Day 1 21/7/2015

This was the first day of my first artist residency. My new studio space at Smiths Row replicates my own studio space at The Rehearsal Rooms but instead of drum kits, amps, guitars and PA systems I have wooden floorboards, high ceilings, a crystal chandelier and a Palladian window for company. The fact that 8 of my recent paintings are hung in the room gives me a sense of ownership over the space however and I don't feel too lost. I begin by working on a commission piece for Angie Roques. It's good to go straight into something which I've already worked out in advance. I paint a third coat of primer on her 120cmx40cm board. The piece is being made to go with 'Abstract Brutalsim III: Sheffield Park Hill' and is a panorama of the same iconic Brutalist estate. Sheffield's concrete plazas must have filtered through to my bones during the 8 years I lived in the city. Almost as soon as I start a gentleman comes into the gallery. He says my work reminds him of a German artist who used to live in Suffolk. After the war, as part of the Marshall Plan, she was given funding to paint murals onto the concrete remains of Hamburg. Sadly he can't remember her name.
Whilst working I listen to 'An Interview with Iain Sinclair' from October 2014 on youtube. It's an interview I've not heard before and is very interesting and relevant to my work, particularly about the changing nature of space and the importance of walking in mentally recording the state of the city/place at moments in time as it continually evolves. Also very interesting on fugue walking and John Clare which has made me want to do some further research in this area. I think I could explore the links between mental health, place, and walking in future works.  
Re-watched/listened to 'The London Perambulator' with Nick Papadimitriou. As with the Sinclair interview the idea of deep topography, of walking and re-walking comes through again and again. The act of re-walking the same route on an almost daily basis creates a bond between the walker and the landscape that goes beyond surface observation. We spend our lives rushing from A to B without really seeing our surroundings. This is something I am trying to point out with my painting. The Abstract Brutalism series can almost be seen as a 'deep topography of buildings'.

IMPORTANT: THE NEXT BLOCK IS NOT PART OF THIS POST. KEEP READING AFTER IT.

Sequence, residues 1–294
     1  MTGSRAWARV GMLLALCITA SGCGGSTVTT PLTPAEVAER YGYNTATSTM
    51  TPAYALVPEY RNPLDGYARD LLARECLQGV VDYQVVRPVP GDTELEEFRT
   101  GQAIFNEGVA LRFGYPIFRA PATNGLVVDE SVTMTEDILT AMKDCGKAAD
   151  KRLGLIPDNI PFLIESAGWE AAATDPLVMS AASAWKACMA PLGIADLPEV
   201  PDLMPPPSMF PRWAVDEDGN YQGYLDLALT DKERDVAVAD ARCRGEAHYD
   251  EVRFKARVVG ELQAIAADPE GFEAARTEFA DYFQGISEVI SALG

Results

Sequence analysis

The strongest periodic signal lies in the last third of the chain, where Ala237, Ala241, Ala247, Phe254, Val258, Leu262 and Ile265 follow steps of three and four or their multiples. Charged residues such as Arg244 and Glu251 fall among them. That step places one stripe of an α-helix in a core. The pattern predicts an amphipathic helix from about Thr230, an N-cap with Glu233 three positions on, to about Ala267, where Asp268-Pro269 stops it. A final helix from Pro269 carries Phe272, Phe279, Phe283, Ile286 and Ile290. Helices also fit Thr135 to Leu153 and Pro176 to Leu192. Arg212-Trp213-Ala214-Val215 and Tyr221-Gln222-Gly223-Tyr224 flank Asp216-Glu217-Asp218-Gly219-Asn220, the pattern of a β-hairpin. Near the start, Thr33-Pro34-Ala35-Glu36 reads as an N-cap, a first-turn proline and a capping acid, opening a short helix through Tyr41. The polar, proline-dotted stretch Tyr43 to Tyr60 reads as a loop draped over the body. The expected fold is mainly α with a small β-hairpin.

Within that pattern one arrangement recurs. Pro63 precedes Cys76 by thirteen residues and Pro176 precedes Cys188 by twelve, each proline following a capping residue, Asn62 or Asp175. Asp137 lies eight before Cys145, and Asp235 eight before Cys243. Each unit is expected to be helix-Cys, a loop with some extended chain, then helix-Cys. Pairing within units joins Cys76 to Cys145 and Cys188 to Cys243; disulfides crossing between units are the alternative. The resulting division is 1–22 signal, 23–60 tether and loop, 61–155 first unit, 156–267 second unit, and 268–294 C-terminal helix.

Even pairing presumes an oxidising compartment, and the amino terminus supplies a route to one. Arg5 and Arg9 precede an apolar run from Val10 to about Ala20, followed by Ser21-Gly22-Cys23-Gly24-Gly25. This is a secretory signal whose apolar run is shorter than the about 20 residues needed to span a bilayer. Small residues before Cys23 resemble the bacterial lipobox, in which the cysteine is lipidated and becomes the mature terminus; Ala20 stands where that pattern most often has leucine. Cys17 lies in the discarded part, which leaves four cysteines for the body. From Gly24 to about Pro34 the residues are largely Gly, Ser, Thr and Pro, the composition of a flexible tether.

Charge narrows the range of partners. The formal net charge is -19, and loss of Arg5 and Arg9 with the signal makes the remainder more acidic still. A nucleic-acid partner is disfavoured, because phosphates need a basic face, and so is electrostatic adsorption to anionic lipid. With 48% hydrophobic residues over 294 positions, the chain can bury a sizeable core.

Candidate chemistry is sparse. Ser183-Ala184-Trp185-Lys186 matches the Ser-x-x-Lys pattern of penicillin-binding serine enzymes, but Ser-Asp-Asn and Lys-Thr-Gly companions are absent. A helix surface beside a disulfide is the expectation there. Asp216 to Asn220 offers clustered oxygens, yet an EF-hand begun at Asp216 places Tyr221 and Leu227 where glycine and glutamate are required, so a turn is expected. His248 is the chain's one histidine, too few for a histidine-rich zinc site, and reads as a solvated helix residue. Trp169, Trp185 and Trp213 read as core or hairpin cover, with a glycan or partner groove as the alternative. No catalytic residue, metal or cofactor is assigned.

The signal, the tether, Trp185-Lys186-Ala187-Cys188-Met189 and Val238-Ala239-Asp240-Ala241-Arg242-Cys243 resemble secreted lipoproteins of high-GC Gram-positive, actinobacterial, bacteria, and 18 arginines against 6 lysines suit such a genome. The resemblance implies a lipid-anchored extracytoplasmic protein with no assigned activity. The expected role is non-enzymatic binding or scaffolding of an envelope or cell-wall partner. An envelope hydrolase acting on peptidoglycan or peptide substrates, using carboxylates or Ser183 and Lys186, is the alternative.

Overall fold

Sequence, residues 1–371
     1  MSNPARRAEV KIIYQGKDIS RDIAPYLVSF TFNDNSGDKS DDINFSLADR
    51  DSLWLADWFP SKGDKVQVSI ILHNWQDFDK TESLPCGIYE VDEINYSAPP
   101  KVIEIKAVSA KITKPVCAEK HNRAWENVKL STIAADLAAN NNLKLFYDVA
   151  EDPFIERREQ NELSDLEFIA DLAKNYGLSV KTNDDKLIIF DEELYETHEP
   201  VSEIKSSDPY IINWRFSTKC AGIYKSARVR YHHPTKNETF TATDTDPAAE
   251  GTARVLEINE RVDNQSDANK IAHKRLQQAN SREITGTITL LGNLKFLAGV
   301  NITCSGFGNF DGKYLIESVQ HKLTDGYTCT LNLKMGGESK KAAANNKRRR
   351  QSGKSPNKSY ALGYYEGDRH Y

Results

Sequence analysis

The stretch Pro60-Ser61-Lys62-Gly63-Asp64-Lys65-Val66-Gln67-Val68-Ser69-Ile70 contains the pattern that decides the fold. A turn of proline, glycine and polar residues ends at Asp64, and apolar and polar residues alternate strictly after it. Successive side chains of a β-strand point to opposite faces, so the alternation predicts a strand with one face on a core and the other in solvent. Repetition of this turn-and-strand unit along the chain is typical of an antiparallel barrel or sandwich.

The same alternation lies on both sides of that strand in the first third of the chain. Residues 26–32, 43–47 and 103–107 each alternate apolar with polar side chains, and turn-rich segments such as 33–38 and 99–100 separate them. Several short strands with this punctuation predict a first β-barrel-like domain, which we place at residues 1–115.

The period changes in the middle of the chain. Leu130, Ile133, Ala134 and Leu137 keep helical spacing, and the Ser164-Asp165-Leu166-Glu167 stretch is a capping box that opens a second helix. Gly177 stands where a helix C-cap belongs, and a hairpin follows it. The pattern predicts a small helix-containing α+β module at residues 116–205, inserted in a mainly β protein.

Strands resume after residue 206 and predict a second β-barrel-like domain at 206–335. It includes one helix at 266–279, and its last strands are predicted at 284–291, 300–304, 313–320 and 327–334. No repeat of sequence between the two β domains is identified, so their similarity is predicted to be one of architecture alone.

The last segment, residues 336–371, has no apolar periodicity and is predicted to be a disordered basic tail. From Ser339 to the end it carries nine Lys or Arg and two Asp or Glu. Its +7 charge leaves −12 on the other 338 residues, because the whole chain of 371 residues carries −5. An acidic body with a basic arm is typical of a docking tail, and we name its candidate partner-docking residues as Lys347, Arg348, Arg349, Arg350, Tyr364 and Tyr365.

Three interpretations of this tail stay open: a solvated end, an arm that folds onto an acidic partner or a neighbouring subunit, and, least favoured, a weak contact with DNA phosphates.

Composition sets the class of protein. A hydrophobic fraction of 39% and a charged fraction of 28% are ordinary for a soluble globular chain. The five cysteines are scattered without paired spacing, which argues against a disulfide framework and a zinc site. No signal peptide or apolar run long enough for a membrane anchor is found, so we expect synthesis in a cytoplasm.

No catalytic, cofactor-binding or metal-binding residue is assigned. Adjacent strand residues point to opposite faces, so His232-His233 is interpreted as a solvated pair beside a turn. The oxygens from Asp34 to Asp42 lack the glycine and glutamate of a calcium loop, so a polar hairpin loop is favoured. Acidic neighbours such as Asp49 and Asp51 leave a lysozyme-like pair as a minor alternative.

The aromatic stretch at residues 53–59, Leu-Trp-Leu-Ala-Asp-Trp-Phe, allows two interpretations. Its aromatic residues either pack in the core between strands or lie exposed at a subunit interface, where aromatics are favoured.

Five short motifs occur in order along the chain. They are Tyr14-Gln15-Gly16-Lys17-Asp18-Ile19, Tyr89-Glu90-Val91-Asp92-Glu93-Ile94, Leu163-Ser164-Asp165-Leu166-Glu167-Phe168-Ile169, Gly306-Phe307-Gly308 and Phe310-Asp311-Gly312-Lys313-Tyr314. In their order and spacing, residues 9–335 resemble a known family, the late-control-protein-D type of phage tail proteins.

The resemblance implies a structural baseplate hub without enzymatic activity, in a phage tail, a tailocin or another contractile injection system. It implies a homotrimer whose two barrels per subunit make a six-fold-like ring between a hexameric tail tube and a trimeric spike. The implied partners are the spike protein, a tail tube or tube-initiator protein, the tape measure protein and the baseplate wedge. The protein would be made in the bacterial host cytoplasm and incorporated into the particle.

After lunch Angie pops in to see how I'm getting on. She's excited to see me hard at work on her new commission. We chat about the Summer Exhibition and she insists that I must go and see what Michael Craig Martin has done with the Royal Academy. Apparently my favourite artist Jock McFadyen has a whole room this year so I will go next Monday. A steady stream of visitors come into the gallery all afternoon. Some chat to me, others don't. I wonder if people are intimidated by the fact the artist is present in the gallery space. I'm surprised that I don't feel intimidated by them. I thought I might be. By the end of day 1 I am where I want to be with the commission. I've drawn up the piece onto board and am ready to start painting tomorrow. 

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